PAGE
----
Shameeka Mattis

Shameeka Mattis, LMSW, is a dedicated social change agent focused on equity and justice. A Brooklyn native, she has fifteen-plus years of experience in social welfare and justice reform. Shameeka was a founding member of Common Justice and served there for nine years as a restorative justice practitioner, where she supported communities impacted by violence. Common Justice is a victim-service and adult-alternative-to-incarceration program based on reconciliation practices in New York City. Prior to her work there, she served communities in Philadelphia through prison social work, reentry support, and children and families advocacy.

"In My Rightful Place"

Shameeka Mattis reminds us that, as inviting as restorative Circles appear, they remain emotionally contested spaces racially. Mattis, who identifies as a Black queer woman, expresses humility and appreciates the value of doing restorative practice work. Not surprisingly, these two attributes call her to be accountable, i.e., self-reflective, while engaging in restorative practices, particularly among communities of color. She embraces restorative practices as a way of life—in her words, “walking the talk.”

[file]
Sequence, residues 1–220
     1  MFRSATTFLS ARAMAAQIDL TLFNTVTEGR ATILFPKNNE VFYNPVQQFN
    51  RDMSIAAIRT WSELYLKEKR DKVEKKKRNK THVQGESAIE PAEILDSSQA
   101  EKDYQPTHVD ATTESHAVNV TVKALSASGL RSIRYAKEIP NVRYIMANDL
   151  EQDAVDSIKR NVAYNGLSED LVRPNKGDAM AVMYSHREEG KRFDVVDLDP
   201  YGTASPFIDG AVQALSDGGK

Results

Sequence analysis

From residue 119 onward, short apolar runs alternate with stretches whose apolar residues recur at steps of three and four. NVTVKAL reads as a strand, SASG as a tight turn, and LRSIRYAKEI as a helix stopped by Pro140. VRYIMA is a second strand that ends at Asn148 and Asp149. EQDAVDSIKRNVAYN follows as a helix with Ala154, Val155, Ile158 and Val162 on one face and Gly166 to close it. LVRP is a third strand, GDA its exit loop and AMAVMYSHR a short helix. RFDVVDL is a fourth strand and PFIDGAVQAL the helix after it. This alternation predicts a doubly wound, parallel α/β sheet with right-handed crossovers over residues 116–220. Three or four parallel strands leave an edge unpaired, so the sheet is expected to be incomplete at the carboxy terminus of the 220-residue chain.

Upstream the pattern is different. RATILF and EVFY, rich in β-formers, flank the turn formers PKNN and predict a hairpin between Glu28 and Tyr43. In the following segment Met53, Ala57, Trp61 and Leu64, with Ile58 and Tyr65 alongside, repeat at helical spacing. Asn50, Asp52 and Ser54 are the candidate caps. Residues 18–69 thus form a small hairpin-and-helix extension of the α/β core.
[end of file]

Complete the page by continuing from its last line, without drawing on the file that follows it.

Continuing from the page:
Mattis is acutely aware not only of how these spaces operate within and without POCIP’s communities, but also of how they can be manipulated to divide and rule us. To undo the harm oppressive spaces inflict on POCIP, Mattis consciously addresses her own control issues, something we can all relate to. But relinquishing control is only part of undoing harm; Mattis reminds us that genuine listening—intentional listening—is at restorative practices’ core.

By acknowledging the social dynamics in Circle, such as colorism, Mattis invites all participants to become aware of each other’s awareness: our value systems are on display. To be vulnerable in this humble way is restorative practice’s strength. Mattis’s commitment to being in her rightful place resonates with CRJ, since colorizing restorative justice is about voicing our realities. Mattis’s voice reminds us that we are prisoners to neither racial oppression nor colonization. We can be who we are meant to be, and our restorative story begins with recovering what is ours: being in our rightful place.